To not do so is tantamount to vocational suicide. I have no less than two editors and two proofreaders look at every novel I produce. The author can never see his work objectively. Also, there are always words to be removed in the mission of shrinking reality to fit the manuscript. Otherwise, the reader is overwhelmed with it all. Writers write, and editors edit. Neither can exist without the other … if quality art is the goal.
What have you’ve learned during your self-publishing journey?
You must have a readership to publish. And most importantly, self-publishing a work without adequate marketing is like giving a speech to a stadium of people without a microphone. Sometimes even the first row can’t hear you.
Do you find it difficult to juggle your time between marketing your current book and writing your next book?
I believe that a good mix is 40% writing, 30% reading, and 30% marketing. In the beginning you have to sometimes be willing to spend more time marketing because you are building an author platform and a readership. But in the end, it is so worth it, especially if you’re a career author who has dedicated the remainder of his or her life to creating novels.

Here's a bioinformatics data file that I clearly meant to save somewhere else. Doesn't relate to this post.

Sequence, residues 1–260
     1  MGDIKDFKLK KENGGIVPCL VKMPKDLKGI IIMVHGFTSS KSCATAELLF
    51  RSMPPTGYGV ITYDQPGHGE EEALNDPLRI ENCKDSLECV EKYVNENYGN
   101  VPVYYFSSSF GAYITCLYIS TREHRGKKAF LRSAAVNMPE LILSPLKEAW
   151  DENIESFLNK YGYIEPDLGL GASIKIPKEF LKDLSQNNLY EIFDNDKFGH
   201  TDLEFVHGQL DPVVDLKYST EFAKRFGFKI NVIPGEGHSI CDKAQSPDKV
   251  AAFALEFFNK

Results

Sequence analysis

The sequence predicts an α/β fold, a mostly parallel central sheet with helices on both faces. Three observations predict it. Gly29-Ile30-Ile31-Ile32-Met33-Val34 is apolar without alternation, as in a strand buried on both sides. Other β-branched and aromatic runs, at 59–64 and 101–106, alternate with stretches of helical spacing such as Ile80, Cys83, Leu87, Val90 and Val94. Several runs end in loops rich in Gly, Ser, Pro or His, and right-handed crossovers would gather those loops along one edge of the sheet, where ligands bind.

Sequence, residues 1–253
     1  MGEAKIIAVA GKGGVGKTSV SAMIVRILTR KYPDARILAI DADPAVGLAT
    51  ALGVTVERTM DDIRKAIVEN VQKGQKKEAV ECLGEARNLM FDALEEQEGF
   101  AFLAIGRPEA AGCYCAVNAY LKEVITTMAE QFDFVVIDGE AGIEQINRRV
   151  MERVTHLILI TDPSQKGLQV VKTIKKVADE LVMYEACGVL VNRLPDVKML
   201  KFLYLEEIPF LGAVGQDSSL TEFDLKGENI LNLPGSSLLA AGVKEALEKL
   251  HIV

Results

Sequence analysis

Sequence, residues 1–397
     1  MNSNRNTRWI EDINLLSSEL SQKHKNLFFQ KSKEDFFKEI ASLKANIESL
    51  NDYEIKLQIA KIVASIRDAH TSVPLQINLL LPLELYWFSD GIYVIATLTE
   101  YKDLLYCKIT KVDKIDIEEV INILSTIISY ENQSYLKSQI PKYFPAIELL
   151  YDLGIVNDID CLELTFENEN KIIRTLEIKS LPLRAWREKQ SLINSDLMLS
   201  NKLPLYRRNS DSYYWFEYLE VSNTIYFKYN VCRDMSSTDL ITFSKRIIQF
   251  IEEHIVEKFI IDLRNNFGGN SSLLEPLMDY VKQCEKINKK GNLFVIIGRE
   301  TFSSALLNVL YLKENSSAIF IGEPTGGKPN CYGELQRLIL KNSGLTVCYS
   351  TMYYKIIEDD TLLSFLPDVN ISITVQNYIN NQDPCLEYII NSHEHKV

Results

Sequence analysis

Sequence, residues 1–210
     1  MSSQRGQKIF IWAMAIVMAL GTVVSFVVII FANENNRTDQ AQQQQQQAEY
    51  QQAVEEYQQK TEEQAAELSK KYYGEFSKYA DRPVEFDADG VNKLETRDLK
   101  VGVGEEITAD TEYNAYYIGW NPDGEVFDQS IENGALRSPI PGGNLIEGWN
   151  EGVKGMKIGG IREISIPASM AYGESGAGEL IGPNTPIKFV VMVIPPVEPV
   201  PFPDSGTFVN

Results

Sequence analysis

Jesse Giles Christiansen is an American author who writes compelling literary fiction that weaves the real with the surreal. He attended Florida State University where he received his B.A. in English literature, and holds an M.A. in philosophy from Georgia State University. He is the author of Pelican Bay (book one in the Captain Shelby Series), an Amazon #1 list bestseller, outselling Old Man and the Sea by Hemingway. One of Christiansen's literary goals is to write at least fifty novels, and he always reminds himself of something that Ray Bradbury once said: "You fail only if you stop writing."
His latest book is the literary fiction/magical realism novel, Captain Shelby.